“We are constantly harvesting one crop, and commencement another. Typically, we will transparent a margin after collect and afterwards plant something new so we have a far-reaching accumulation of vegetables from early open until late fall. There are customarily a few months where we aren’t flourishing anything, and that’s customarily in late November, December, and partial of January. It creates for a flattering uncanny vacation time,” laughed Gina.
While blackberries are certainly a honour and fun of a Sinclair family, they are not a farm’s customarily golden ticket, as, over a years, a Sinclairs have stretched their plantation to residence a accumulation of uninformed furnish including tomatoes, cherry tomatoes, lettuce, cabbage, squash, a accumulation of peppers, zucchini, purple carcass peas, peaches and more.
“We customarily take a vacation in November, though once we get behind a work doesn’t stop customarily since it’s winter time,” commented Steve, jolt is head. “No, in a winter we have to get all prepared for a open again. It’s a lot of work all a time.”
On a slight during a farm, Steve says that he will spend from sunup to dusk operative on a farms, entrance in as late as midnight on many occasions. Gail, who owns a business aside from a farm, says she clocks about 4 or some-more hours a day in a fields as good as a hours spent offered a furnish during internal markets. That’s time on tip of what is spent during Gina’s possess business.
According to Steve, one of a biggest hurdles that a integrate faces on a plantation is gripping a internal wildlife from ravenous a vast apportionment of a farm’s harvest.
“We use Worry-Free organic insecticide on all of a crops,” pronounced Steve. “It unequivocally helps out a lot. Our biggest plea is gripping a Japanese beetles during bay, and a raccoons. we have a solar-powered electric blockade that helps a lot, though it still a problem that we face from time to time.”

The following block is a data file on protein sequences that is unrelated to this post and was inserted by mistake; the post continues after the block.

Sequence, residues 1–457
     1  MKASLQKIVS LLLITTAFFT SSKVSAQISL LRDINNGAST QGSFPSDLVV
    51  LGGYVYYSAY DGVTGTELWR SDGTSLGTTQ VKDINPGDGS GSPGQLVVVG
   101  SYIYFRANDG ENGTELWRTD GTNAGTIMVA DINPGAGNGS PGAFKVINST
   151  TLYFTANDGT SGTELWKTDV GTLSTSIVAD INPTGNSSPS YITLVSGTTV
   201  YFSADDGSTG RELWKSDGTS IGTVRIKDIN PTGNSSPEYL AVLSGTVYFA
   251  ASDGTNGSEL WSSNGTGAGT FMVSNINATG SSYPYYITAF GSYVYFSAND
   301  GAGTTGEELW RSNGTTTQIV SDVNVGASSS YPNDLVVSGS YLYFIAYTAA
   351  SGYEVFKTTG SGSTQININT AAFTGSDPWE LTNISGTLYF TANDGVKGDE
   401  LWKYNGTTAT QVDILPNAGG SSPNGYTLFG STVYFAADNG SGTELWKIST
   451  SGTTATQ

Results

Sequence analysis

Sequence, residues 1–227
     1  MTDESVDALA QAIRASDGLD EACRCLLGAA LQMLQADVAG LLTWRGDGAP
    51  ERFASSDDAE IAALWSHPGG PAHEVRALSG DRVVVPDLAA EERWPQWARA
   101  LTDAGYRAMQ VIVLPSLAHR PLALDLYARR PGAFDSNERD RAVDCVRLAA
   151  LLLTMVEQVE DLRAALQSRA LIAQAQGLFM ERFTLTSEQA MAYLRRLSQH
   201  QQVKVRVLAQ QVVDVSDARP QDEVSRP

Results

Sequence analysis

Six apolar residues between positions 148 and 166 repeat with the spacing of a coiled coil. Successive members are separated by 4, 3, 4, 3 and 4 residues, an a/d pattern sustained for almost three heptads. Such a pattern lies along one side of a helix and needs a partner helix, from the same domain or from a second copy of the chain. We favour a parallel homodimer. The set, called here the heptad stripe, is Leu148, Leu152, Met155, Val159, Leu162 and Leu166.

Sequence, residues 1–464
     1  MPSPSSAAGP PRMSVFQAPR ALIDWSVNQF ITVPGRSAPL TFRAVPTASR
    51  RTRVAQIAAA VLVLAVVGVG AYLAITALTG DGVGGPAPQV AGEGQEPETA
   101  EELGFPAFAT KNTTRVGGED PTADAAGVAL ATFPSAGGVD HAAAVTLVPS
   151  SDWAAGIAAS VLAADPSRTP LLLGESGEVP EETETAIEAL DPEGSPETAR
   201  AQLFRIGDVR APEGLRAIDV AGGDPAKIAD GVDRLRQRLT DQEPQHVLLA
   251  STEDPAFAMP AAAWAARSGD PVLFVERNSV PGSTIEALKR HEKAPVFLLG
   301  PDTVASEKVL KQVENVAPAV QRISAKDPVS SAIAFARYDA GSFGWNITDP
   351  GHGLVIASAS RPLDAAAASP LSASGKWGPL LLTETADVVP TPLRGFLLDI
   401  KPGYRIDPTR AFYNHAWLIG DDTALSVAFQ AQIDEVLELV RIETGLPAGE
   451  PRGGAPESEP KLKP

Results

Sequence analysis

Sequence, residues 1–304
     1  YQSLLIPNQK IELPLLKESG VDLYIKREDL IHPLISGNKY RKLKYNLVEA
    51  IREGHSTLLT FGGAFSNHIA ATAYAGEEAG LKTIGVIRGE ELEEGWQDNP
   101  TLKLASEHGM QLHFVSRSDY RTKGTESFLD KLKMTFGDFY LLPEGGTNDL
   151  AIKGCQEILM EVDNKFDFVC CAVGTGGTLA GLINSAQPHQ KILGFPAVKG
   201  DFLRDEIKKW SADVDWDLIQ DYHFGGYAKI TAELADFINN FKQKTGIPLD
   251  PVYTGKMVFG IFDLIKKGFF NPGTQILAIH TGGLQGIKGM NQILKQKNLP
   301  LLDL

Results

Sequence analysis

Since a family began offered their products during a Farmers Market in Dyer County, they contend that they have gifted good success that goes palm in palm with flourishing demand. While a family is locally famous for carrying some of a blackberries that we can find, they are experiencing a vast volume of certain examination from a open for their other products also, including their uninformed red potatoes and tomatoes.
“There is a disproportion that we can ambience with a uninformed tomato and potato,” pronounced Steve. “The potatoes that we buy during a grocery store are typically one year old, and have been stored for a prolonged time in a potato house, though a potatoes that we offer are creatively grown and pulled. They have a honeyed taste. Our tomato plants are all grown during opposite times to safeguard freshness, and that is what allows us to yield people with a peculiarity product.”
The Sinclairs can be found during a Dyer County Farmers Market any Tuesday and Saturday from 5a.m.-1p.m. (or until they run out of food!), and can also be contacted during 731.612.3505.